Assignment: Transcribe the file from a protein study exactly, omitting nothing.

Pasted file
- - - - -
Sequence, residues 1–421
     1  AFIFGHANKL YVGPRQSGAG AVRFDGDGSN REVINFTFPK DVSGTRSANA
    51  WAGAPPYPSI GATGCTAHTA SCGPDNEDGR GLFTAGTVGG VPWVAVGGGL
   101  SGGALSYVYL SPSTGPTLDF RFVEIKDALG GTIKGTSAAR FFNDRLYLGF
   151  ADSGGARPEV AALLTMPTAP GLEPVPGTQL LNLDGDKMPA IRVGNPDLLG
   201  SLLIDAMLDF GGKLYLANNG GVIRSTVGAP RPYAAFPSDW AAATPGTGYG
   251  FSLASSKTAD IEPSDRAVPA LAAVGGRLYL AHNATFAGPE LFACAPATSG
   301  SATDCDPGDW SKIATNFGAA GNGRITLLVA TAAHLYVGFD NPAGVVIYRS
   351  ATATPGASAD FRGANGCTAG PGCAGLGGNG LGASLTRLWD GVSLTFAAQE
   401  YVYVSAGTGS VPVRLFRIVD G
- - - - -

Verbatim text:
Sequence, residues 1–421
     1  AFIFGHANKL YVGPRQSGAG AVRFDGDGSN REVINFTFPK DVSGTRSANA
    51  WAGAPPYPSI GATGCTAHTA SCGPDNEDGR GLFTAGTVGG VPWVAVGGGL
   101  SGGALSYVYL SPSTGPTLDF RFVEIKDALG GTIKGTSAAR FFNDRLYLGF
   151  ADSGGARPEV AALLTMPTAP GLEPVPGTQL LNLDGDKMPA IRVGNPDLLG
   201  SLLIDAMLDF GGKLYLANNG GVIRSTVGAP RPYAAFPSDW AAATPGTGYG
   251  FSLASSKTAD IEPSDRAVPA LAAVGGRLYL AHNATFAGPE LFACAPATSG
   301  SATDCDPGDW SKIATNFGAA GNGRITLLVA TAAHLYVGFD NPAGVVIYRS
   351  ATATPGASAD FRGANGCTAG PGCAGLGGNG LGASLTRLWD GVSLTFAAQE
   401  YVYVSAGTGS VPVRLFRIVD G